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Economic sanctions are domestic penalties applied by one country (or group of countries) on another for a variety of reasons. Economic sanctions include, but are not limited to, tariffs, trade barriers, import duties, and import or export quotas. The most famous example of an economic sanction is the fifty-year-old United States embargo against Cuba.

Economic sanctions are not always imposed because of economic circumstances. For example, on May 13 1998, the United States and Japanese governments imposed economic sanctions on Indiamarker, following its second round of nuclear testmarker. The United States has imposed economic sanctions against Iran for years, on the basis that the Iranian government sponsors terrorism the US government disapproves of.

The United Nations imposed stringent economic sanctions upon Iraqmarker after the first Gulf War, and these were maintained partly as an attempt to make the Iraqi government co-operate with the UN weapons inspectors' monitoring of Iraq's weapons and weapons programs. These sanctions were unusually stringent in that very little in the way of trade goods were allowed into or out of Iraq during the sanction period (further information about these sanctions and their effects can be found at www.casi.org.uk and at [49253]). The sanctions were not lifted until May 2003, after the government of Iraqi president Saddam Hussein was overthrown.

There is a United Nations sanctions regime imposed by UN Security Council Resolution 1267 in 1999 against all Al-Qaida- and Taliban-associated individuals which has undergone years of modification by a dozen UN Security Council Resolutions. The cornerstone of the regime is a consolidated list of persons maintained by the Security Council. All nations are obliged to freeze bank accounts and other financial instruments controlled by, or used for the benefit of, anyone on the list.

Trade sanctions

Trade sanctions are trade penalties imposed by one or more countries on one or more other countries. Typically the sanctions take the form of import tariffs (duties), licensing schemes or other administrative hurdles. They tend to arise in the context of an unresolved trade or policy dispute, such as a disagreement about the fairness of some policy affecting international trade (imports or exports).

For example, one country may conclude that another is unfairly subsidising exports of one or more products, or unfairly protecting some sector from competition (from imported goods or services). The first country may retaliate by imposing import duties, or some other sanction, on goods or services from the second.

Politics of trade sanctions

Trade sanctions are frequently retaliatory in nature. For example, in 2002 the United Statesmarker placed import tariffs on steel in an effort to protect its industry from more efficient foreign producers, such as Chinamarker and Russiamarker. The World Trade Organisation (WTO) ruled that these tariffs were illegal. The European Union threatened retaliatory tariffs on a range of US goods, forcing the US government to remove the steel tariffs in early 2004. Economic sanctions frequently result in trade wars. The WTO is the world governing body for trade disputes.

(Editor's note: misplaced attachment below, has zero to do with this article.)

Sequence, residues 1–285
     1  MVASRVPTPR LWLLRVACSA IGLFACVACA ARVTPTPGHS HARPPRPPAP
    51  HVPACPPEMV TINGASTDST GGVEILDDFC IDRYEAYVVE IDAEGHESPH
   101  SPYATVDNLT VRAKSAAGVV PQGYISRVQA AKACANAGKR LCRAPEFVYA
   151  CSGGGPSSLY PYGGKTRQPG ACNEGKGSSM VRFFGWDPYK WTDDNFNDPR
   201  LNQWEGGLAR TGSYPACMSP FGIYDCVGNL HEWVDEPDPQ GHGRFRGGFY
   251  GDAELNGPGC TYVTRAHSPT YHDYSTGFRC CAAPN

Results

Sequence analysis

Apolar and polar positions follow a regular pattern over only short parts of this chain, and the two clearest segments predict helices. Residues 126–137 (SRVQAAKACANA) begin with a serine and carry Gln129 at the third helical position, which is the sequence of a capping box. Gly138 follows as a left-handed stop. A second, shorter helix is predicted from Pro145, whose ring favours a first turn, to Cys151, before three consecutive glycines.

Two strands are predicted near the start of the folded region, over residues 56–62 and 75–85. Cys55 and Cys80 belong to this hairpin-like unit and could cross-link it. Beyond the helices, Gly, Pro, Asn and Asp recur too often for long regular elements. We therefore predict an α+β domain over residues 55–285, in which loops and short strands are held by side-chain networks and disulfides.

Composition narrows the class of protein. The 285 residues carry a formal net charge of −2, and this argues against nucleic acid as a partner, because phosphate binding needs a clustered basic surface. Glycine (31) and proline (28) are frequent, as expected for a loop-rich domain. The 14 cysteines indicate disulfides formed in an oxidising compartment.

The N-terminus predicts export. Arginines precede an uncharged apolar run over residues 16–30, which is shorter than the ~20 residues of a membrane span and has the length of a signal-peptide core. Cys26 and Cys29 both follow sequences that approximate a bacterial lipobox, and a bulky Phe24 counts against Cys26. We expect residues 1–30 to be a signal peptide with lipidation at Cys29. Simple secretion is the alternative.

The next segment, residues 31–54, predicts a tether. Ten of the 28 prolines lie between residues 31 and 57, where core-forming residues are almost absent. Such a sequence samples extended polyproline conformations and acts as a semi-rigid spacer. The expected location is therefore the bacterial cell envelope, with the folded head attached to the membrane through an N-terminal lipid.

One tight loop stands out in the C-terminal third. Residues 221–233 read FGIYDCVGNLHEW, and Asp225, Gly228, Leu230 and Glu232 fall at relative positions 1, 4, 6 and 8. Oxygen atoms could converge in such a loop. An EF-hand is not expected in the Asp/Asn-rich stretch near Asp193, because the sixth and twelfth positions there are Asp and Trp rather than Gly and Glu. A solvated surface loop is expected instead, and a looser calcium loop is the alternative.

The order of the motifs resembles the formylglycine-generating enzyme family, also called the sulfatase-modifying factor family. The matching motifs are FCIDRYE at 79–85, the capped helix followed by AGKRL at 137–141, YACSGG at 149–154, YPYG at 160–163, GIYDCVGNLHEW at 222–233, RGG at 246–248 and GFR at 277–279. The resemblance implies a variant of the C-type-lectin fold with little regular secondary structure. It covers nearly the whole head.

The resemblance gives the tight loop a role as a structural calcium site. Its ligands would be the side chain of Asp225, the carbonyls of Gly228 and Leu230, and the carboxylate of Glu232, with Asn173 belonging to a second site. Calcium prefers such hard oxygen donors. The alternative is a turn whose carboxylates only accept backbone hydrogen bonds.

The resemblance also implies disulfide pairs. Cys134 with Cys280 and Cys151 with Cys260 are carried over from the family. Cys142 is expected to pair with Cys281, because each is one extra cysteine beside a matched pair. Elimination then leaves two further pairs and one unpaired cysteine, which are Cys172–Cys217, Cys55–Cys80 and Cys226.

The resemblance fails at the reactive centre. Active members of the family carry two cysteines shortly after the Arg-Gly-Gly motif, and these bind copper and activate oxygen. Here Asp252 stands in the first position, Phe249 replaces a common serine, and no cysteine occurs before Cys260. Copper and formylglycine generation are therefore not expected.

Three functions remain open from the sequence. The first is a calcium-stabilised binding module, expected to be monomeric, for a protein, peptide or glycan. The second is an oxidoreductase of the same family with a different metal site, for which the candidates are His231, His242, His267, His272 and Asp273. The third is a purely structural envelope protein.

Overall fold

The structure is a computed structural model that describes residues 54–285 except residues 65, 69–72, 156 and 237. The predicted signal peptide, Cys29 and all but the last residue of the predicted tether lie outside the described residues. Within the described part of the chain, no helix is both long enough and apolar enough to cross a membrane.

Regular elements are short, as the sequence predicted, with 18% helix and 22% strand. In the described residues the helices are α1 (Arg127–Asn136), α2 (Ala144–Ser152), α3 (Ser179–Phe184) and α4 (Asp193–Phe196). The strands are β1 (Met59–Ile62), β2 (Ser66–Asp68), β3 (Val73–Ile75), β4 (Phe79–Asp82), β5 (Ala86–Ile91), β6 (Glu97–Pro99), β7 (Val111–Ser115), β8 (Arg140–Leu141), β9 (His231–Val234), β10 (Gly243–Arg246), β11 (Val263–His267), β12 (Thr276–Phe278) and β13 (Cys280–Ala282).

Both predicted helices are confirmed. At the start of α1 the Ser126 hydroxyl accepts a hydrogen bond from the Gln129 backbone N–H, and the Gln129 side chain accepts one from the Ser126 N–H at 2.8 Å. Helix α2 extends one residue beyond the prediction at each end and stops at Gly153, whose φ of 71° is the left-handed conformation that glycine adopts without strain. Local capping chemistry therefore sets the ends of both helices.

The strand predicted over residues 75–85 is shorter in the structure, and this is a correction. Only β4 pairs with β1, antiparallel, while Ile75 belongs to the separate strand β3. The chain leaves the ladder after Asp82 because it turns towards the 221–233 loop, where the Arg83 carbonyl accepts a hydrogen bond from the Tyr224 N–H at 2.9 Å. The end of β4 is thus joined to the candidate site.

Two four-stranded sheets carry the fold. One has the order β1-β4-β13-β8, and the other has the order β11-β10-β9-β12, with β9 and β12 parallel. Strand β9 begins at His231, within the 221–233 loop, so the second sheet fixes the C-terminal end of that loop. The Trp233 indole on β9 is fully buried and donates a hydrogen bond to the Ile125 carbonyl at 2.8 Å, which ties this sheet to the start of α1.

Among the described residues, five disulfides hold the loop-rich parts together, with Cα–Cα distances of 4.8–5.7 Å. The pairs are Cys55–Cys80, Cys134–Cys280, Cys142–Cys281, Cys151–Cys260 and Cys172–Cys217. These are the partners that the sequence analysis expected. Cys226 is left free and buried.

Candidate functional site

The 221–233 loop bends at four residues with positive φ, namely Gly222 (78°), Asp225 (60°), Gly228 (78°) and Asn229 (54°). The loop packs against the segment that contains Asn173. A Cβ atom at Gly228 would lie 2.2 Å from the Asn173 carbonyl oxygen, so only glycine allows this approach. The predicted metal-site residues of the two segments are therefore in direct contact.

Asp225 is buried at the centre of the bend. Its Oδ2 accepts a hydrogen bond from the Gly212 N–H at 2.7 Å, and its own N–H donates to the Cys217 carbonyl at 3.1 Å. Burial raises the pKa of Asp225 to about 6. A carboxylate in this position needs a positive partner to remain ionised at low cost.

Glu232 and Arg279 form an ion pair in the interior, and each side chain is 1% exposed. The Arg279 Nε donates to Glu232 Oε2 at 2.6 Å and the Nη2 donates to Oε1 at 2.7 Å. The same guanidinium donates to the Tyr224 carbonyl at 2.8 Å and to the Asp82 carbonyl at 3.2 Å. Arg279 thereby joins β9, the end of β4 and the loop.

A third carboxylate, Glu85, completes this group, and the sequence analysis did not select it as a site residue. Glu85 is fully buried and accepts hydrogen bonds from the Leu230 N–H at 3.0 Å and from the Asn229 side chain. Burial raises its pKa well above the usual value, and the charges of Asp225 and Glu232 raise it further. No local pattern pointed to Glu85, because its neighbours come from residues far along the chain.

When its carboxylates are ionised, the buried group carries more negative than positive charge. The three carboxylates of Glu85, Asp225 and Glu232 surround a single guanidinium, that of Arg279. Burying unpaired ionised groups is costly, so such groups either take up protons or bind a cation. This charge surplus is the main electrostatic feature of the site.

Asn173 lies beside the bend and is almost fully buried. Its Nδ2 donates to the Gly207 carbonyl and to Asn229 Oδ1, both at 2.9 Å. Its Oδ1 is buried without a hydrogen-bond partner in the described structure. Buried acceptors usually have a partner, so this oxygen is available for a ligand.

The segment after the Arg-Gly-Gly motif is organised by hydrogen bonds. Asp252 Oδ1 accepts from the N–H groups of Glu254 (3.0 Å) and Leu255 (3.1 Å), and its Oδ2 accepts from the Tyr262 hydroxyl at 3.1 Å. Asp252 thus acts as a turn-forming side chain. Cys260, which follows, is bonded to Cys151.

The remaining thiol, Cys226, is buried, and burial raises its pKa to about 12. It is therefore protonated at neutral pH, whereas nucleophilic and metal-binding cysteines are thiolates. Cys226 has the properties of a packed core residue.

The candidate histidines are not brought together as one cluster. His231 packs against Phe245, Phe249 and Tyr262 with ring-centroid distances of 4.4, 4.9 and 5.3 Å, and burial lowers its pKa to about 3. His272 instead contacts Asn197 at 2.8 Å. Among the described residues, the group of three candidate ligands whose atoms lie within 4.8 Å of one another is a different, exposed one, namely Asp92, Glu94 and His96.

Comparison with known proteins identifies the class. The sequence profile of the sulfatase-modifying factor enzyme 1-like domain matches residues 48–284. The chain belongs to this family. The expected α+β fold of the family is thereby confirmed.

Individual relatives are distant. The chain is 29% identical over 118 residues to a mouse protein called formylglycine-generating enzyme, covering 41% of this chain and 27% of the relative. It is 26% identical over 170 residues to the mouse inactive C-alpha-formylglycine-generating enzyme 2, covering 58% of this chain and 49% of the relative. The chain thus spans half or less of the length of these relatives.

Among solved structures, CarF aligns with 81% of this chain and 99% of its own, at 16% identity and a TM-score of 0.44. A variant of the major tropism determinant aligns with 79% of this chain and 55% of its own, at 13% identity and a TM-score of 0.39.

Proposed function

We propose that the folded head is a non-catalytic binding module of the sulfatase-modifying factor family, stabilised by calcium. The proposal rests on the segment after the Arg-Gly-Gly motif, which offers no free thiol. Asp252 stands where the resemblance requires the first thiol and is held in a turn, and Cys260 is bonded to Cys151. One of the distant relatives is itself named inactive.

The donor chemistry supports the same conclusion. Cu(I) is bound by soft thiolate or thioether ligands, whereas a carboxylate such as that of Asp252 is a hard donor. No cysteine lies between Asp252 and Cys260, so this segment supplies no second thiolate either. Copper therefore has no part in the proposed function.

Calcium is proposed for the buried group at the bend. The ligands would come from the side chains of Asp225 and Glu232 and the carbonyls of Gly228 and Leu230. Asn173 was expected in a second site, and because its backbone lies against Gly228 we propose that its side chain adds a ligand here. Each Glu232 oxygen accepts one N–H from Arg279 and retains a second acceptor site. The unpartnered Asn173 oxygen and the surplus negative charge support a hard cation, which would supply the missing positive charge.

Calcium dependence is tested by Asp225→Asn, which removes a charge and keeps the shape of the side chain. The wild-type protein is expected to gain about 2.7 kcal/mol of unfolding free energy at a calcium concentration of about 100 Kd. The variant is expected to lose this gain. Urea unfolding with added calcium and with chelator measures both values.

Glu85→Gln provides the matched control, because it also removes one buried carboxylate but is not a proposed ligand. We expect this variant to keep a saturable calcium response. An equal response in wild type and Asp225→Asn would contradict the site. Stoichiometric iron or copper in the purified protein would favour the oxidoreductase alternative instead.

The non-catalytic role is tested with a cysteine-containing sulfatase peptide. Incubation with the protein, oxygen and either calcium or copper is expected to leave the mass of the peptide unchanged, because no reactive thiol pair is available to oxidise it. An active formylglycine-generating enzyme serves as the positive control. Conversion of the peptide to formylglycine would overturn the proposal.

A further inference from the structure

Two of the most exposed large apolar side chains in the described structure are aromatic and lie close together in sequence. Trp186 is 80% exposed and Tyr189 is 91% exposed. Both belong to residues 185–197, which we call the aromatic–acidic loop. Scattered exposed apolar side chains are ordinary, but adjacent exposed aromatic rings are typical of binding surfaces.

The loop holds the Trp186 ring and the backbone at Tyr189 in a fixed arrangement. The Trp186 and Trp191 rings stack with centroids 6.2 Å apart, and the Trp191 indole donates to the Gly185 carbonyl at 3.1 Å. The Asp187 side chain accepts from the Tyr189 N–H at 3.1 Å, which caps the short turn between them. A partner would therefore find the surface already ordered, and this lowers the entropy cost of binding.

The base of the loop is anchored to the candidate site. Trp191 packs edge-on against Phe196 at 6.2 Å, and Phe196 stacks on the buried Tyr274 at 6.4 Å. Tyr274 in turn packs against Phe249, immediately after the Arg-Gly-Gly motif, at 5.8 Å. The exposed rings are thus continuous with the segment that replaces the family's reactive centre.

Economic sanctions can be a coercive measure for achieving particular policy goals, either related to trade, such as the United States sanctions against Brazilmarker over patent law in the late 1980s, or for non-economic policies such as the European Union's sanctions against Burma marker based on lack of democracy and human rights violations.

Sanctions can include a software product that may not be downloaded or otherwise exported or re-exported to any country subject to US trade sanctions governing the software: countries including Cubamarker, Iranmarker, Iraqmarker, Libyamarker, North Koreamarker, Sudanmarker, and Syriamarker.

Recent historical examples of trade sanctions

Worldwide there have been many examples of such disputes and associated sanctions. For example, American steel companies requested, and were at times granted, protection from steel imports that they claimed enjoyed an unfair advantage due to the economic policy of the steel exporting country. At times it was asserted that the exporting company was dumping steel overseas (in the USA) at below cost. See United States steel tariff 2002

Again, as the Asian economies became more and more effective competitors on the international stage, achieved largely via export-led growth, many countries imposed import tariffs and other measures aimed at protecting domestic industries. The intention was not always permanent protection (of the threatened industry) but sometimes an attempt to give the domestic firms time to adjust to a changed competitive context.

The disagreements that occur are not only bi-lateral and can be fundamental to the working of the global economy and e.g. to the alleviation of global poverty. As of September, 2003, World Trade Organisation talks in Cancúnmarker broke down between the advanced nations and the developing world. Unresolved issues include that of whether the advanced nations are unfairly subsidising their agricultural sectors to the detriment of the developing world (that might otherwise sell more agricultural produce into e.g. the USA and Europe).

Notes

  1. Howse, Robert L. and Genser, Jared M. (2008) "Are EU Trade Sanctions on Burma Compatible with WTO Law?" Michigan Journal of International Law 29(2): pp. 165-196


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